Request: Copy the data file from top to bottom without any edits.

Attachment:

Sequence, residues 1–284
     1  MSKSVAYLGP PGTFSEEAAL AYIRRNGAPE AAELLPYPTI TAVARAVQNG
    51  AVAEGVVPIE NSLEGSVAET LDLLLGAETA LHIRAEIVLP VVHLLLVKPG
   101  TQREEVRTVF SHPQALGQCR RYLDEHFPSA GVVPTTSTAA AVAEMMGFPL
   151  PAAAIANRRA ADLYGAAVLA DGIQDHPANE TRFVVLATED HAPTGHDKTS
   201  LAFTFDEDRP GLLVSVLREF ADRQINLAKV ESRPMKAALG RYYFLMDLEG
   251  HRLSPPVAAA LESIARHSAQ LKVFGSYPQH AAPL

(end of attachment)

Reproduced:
Sequence, residues 1–284
     1  MSKSVAYLGP PGTFSEEAAL AYIRRNGAPE AAELLPYPTI TAVARAVQNG
    51  AVAEGVVPIE NSLEGSVAET LDLLLGAETA LHIRAEIVLP VVHLLLVKPG
   101  TQREEVRTVF SHPQALGQCR RYLDEHFPSA GVVPTTSTAA AVAEMMGFPL
   151  PAAAIANRRA ADLYGAAVLA DGIQDHPANE TRFVVLATED HAPTGHDKTS
   201  LAFTFDEDRP GLLVSVLREF ADRQINLAKV ESRPMKAALG RYYFLMDLEG
   251  HRLSPPVAAA LESIARHSAQ LKVFGSYPQH AAPL